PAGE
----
Visit any public school in the United States, and one thing you would be hard-pressed to find is black male teachers.
They are about as rare as students without cell phones.
It’s troubling that school districts nationwide still face an acute shortage of black male teachers, and Escambia County is no exception.
The lack of black male teachers is due to a number of factors, not excluding low pay, the notion that teaching has become a female-dominated profession and the fact that black men are choosing other career options.
But there is a glimmer of hope and help on the horizon.
U.S. Secretary of Education Arne Duncan plans to visit several historically black colleges and universities and speak directly with black male students about teaching in the nation’s public schools.
Providing positive images
His mission is as critical as it is challenging.
Today, only 1.7 percent of the nation’s 4.8 million public school teachers are black men. Most black boys never have the chance to be taught by someone who looks like them or to experience a black male role model in their public school classrooms.
The numbers aren’t much better in Escambia County.
Only 53, or about 2.4 percent of the district’s 2,200 teachers, are black males.
There are some who argue that it doesn’t matter if a teacher is black or white, male or female, as long as he or she can effectively educate children.
While that belief has a kernel of truth, we are at a time when this nation is becoming more diverse, and our teaching force should reflect it.
It’s not just about numbers, but also what black male teachers can offer: positive images for black boys.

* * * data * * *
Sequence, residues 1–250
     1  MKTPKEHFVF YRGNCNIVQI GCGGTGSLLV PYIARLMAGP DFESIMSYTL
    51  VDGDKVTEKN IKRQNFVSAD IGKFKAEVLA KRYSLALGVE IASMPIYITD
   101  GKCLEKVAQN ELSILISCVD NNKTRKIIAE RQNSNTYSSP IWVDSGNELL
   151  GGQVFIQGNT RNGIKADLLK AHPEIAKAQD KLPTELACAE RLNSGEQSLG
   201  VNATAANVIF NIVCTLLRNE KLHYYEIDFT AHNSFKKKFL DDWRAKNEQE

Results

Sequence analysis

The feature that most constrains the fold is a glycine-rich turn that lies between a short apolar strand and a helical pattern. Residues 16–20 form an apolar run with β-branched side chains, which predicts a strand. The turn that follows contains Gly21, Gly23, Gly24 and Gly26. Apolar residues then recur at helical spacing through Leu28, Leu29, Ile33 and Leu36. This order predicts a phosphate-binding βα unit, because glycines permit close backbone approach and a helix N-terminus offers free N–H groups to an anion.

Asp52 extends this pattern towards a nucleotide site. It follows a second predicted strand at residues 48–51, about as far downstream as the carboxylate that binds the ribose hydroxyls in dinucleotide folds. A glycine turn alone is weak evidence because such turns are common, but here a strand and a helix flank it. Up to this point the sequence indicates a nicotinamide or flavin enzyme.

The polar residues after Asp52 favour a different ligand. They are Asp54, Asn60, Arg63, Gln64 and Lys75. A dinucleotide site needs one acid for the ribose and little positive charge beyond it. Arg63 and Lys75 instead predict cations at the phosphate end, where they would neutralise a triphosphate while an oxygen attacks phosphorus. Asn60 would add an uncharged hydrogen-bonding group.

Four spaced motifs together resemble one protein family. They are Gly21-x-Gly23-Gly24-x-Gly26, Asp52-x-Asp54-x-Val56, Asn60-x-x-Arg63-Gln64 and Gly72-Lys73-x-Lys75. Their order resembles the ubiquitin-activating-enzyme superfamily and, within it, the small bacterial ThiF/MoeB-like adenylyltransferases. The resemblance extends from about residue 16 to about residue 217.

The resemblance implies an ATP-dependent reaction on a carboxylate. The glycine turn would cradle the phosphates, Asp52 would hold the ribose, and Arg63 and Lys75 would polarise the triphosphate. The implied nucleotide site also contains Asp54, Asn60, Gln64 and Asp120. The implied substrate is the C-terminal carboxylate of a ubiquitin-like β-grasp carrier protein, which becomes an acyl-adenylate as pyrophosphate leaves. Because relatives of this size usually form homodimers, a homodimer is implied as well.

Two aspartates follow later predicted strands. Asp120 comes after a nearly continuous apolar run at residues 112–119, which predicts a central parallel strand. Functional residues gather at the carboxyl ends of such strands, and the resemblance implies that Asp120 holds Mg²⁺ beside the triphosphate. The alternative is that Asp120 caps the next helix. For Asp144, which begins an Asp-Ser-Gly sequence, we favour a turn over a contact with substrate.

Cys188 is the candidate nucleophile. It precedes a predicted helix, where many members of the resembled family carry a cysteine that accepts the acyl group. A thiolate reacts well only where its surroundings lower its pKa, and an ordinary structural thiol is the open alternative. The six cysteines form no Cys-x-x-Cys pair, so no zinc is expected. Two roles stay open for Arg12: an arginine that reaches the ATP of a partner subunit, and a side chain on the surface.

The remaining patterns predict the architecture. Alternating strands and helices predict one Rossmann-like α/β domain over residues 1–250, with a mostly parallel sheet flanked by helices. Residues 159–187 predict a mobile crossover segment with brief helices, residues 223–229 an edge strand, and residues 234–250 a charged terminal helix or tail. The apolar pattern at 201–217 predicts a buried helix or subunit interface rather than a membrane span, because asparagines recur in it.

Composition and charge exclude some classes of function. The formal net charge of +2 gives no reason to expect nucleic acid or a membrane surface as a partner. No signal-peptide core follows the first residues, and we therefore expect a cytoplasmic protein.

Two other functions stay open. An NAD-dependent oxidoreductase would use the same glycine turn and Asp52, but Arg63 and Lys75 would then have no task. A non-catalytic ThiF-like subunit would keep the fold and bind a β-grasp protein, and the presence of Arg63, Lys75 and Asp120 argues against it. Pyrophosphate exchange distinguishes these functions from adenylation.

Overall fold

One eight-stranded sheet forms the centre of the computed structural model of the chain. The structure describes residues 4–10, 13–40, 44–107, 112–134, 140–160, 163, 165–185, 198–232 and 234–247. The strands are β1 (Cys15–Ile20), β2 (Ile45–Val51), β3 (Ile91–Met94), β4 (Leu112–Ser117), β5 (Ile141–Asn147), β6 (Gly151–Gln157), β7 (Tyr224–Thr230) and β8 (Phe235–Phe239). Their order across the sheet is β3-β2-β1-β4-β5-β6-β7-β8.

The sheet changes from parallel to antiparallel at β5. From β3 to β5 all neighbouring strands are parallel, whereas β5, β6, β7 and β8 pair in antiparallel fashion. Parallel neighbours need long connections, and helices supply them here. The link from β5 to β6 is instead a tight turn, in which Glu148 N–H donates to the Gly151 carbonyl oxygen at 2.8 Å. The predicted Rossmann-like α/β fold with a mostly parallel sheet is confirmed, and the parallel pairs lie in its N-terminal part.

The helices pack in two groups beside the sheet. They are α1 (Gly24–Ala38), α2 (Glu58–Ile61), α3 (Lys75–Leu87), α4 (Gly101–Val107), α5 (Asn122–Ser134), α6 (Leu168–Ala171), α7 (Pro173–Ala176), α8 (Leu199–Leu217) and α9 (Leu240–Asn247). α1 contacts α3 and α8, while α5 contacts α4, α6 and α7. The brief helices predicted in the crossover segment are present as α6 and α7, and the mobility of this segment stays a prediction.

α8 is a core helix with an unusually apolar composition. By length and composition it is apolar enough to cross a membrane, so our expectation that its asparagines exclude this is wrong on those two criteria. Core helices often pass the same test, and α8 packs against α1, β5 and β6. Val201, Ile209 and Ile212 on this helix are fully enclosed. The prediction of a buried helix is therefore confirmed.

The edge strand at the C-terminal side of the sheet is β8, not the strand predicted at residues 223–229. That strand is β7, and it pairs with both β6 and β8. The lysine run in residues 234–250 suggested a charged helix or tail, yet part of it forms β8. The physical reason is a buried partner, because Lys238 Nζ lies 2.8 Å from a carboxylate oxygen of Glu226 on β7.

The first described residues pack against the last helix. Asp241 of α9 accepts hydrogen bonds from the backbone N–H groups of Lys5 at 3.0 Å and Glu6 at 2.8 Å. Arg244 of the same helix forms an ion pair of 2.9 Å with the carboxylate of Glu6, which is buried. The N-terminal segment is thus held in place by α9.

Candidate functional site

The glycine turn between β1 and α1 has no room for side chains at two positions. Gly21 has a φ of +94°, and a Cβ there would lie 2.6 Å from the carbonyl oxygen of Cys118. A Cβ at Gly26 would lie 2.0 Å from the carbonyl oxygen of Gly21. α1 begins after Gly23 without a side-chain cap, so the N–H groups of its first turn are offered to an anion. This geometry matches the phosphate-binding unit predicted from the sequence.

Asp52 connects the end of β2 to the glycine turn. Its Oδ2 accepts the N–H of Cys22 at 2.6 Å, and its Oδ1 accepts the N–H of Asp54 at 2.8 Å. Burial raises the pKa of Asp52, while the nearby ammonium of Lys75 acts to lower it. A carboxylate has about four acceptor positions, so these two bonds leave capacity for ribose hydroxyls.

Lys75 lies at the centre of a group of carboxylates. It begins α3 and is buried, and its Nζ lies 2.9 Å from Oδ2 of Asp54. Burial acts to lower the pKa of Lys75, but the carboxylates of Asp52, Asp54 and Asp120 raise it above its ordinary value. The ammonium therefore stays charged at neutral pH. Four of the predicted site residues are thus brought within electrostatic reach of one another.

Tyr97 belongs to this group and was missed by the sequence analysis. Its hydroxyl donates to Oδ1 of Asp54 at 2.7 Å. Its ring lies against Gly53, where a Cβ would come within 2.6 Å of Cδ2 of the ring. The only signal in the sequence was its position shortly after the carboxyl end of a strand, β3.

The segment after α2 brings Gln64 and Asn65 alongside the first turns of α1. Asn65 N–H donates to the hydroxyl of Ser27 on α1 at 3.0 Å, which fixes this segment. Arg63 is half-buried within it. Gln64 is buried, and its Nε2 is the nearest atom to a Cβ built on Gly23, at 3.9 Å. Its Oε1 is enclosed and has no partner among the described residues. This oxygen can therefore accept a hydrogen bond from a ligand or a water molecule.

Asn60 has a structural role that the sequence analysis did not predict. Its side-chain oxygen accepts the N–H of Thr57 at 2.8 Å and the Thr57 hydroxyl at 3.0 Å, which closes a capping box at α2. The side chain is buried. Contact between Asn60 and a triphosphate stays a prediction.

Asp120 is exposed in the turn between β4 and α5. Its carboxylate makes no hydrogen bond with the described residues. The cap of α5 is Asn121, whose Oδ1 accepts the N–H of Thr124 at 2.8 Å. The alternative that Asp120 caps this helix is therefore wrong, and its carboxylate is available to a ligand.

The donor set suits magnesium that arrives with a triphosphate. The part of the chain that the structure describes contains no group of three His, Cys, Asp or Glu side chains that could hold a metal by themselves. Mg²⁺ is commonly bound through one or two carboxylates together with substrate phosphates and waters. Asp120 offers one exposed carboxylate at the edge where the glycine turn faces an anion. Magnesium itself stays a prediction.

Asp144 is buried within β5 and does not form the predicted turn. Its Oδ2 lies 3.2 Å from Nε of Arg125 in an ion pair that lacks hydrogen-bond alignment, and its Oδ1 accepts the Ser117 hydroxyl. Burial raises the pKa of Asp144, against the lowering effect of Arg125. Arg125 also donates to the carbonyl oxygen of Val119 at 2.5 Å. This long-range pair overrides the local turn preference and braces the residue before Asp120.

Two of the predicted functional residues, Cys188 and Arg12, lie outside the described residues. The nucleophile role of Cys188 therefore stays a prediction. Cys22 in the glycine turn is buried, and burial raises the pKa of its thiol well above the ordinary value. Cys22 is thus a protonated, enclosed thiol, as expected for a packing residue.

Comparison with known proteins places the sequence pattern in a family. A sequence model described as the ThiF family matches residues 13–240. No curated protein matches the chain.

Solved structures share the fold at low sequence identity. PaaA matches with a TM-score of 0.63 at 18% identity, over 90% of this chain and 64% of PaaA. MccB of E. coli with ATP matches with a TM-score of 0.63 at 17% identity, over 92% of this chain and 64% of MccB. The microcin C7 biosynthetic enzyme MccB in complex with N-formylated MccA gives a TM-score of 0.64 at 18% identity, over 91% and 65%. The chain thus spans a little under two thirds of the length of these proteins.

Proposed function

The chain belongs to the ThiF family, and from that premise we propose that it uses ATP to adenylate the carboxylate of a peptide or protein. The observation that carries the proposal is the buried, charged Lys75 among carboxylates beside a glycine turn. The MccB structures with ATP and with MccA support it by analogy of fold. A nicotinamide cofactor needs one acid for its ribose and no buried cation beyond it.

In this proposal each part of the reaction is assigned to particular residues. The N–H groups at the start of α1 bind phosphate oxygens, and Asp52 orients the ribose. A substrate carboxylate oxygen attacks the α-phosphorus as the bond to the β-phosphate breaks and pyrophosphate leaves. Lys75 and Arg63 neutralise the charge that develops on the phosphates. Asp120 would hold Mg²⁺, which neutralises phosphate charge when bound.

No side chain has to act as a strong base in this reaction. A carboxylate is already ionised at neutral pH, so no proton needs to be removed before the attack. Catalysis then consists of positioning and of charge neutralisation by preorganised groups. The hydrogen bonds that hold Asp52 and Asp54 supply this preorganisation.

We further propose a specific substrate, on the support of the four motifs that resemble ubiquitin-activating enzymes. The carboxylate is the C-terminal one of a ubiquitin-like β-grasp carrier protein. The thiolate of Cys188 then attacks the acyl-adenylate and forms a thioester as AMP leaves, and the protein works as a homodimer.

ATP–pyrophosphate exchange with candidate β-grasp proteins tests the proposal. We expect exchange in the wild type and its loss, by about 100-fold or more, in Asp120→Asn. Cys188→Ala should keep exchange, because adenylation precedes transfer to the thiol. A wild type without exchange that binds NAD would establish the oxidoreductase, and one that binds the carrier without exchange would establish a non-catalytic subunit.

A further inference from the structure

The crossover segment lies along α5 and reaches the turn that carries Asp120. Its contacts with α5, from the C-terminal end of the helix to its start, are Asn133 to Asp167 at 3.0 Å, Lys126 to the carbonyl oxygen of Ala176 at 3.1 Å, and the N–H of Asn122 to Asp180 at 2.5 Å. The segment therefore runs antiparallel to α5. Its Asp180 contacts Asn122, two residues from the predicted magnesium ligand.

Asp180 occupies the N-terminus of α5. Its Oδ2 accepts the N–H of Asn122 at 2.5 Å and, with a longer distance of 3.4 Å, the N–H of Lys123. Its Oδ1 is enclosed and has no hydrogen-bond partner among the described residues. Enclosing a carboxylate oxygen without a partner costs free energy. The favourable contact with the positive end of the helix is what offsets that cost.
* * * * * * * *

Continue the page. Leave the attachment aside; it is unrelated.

Studies have shown that students of color often perform better with teachers of the same race because teachers and students may have similar experiences and backgrounds.
What it boils down to is that all students need teachers of color to serve as role models. Teachers bring their experiences and backgrounds to the classroom and help prepare children to live in a multicultural society.
Escambia County schools aren’t alone in their desire to find and hire more black male teachers. But the School District can’t do it alone. It means that the students must prepare themselves and be ready and available to fill the positions in schools and to fulfill their mission in their communities as the opportunity arises.
Recruiting and hiring qualified black male teachers can only make Escambia County schools and the community better.
Finding them is the difficult dilemma that the School District must keep attempting to solve to bring diversity to the classroom and enhance the learning experience.